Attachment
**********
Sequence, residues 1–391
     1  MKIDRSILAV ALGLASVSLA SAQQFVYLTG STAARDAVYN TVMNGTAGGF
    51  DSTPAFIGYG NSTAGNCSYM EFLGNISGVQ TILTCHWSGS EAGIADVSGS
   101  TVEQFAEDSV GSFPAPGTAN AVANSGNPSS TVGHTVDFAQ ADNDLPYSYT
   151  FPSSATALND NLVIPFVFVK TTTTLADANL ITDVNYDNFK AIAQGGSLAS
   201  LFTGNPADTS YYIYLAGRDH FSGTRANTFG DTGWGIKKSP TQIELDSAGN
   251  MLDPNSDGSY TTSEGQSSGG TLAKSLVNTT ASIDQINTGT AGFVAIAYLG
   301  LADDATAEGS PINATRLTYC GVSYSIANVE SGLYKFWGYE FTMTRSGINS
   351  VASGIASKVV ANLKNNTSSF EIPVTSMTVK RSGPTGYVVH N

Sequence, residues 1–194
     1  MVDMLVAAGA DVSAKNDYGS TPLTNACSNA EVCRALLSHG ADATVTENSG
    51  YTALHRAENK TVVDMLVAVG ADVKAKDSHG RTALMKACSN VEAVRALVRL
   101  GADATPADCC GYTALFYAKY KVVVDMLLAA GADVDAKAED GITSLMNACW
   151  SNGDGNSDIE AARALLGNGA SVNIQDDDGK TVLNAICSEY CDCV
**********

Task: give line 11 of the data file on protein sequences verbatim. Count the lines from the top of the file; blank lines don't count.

     1  MVDMLVAAGA DVSAKNDYGS TPLTNACSNA EVCRALLSHG ADATVTENSG